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About walls

The dry stone walls at Blackbrook are built almost exclusively of local Rivelin gritstone. A stone which is lighter and softer than the limestones of the White Peak , more regular in shape and generally easier to cut.

Drystone walls support a vast array of wildlife. Many species of lichens and mosses make their homes on walls, some of these create tilth which supports other plants including: pennywort, stonecrop, cranesbill and ivy.

Slowworms and invertibrates live within the nooks and crannies of the walls as do spiders, woodlice, springtails, millipedes, bees and wasps.

WrenBirds such as coal tits, wrens, wheatears, robins, redstarts and little owls make their nests within the cavities of walls, as do toads, lizards, voles, fieldmice, shrews, hedgehogs and bats.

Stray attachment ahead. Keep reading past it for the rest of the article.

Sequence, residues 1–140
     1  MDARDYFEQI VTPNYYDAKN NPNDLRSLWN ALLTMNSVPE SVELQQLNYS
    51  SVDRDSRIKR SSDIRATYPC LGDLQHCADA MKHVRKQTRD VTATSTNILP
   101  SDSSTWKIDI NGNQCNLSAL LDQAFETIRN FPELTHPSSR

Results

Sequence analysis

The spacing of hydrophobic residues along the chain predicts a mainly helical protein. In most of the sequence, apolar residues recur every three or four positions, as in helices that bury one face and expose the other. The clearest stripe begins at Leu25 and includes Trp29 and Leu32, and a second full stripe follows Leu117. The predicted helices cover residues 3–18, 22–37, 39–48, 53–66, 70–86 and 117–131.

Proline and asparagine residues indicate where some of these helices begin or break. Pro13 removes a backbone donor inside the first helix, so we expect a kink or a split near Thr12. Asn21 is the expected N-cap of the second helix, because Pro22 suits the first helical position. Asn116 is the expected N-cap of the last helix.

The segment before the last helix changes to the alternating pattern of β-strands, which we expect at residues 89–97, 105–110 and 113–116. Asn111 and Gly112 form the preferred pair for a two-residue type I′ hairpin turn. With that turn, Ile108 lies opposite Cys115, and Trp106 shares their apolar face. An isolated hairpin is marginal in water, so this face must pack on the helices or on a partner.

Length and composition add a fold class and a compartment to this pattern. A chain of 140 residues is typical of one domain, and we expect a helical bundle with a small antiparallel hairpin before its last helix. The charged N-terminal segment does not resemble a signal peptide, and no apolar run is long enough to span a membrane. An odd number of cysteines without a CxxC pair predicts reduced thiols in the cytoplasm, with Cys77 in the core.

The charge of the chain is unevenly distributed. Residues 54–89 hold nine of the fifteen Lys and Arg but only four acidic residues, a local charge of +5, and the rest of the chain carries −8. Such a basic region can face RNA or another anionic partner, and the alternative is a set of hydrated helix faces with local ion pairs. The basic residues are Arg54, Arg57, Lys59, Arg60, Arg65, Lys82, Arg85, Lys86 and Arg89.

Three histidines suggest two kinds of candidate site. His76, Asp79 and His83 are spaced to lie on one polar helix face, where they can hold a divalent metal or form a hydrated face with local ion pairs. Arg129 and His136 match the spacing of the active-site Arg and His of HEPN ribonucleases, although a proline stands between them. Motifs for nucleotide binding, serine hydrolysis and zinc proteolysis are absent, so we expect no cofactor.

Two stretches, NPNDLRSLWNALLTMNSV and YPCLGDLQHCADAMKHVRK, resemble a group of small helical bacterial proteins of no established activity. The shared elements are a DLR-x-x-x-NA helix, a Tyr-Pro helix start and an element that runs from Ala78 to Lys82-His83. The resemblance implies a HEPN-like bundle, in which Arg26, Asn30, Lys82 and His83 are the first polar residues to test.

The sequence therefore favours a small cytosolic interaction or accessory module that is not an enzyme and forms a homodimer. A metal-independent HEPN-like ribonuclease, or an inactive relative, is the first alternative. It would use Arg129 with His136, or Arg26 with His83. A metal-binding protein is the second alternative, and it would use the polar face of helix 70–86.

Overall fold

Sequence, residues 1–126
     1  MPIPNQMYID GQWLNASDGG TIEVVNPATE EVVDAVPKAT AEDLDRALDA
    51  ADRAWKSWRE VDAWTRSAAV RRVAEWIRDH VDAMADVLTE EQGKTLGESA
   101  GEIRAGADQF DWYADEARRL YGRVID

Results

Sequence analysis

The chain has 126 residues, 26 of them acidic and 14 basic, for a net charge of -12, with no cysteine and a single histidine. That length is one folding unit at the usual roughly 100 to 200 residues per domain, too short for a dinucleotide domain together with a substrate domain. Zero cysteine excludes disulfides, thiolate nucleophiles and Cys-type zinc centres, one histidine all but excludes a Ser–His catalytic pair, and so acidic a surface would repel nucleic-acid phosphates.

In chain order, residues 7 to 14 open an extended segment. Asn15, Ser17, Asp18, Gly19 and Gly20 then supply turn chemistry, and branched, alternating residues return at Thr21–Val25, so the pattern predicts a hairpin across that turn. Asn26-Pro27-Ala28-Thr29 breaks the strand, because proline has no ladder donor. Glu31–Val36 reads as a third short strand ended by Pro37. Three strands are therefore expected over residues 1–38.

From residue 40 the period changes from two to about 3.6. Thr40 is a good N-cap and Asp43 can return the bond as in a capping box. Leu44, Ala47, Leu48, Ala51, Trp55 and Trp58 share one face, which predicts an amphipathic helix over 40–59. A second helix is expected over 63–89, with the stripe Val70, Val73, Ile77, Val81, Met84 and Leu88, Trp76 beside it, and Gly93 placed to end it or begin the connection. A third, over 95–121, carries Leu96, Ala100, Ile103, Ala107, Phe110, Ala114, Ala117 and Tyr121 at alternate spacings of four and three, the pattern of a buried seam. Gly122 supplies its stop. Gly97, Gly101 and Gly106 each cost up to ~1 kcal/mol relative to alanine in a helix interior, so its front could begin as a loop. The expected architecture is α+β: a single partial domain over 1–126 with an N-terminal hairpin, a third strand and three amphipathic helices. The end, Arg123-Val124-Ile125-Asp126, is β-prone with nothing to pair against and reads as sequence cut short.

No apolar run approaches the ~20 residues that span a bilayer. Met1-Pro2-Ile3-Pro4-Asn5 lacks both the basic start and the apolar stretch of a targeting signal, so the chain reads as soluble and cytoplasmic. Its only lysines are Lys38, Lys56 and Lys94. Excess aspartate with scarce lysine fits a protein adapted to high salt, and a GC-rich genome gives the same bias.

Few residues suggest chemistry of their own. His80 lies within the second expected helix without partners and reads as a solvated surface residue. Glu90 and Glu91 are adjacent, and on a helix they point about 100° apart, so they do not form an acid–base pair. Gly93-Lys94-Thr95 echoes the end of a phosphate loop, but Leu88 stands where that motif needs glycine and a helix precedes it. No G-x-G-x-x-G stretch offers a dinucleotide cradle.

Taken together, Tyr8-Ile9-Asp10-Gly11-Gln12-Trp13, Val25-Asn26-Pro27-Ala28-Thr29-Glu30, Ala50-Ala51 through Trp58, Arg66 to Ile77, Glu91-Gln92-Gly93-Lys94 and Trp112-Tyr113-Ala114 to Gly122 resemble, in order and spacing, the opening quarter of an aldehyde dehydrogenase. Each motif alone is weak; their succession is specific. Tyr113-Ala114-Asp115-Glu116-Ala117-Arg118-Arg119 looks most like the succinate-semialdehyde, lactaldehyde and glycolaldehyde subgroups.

Drystone walls help to create microclimates that support species that live nearby. The uncultivated strips of land running alongside dry stone walls act as corridors for wildlife.


Did you know?

The walls at Blackbrook farm may well have been built by French prisoners of war following the Napoleonic War. This period (c.1830) coincided with the enclosures act, when common land was removed from the commoners and walled or fenced off into smaller parcels.


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Blackbrook Environmental Enterprise (BEE) is an independent organisation dedicated to conserving the environment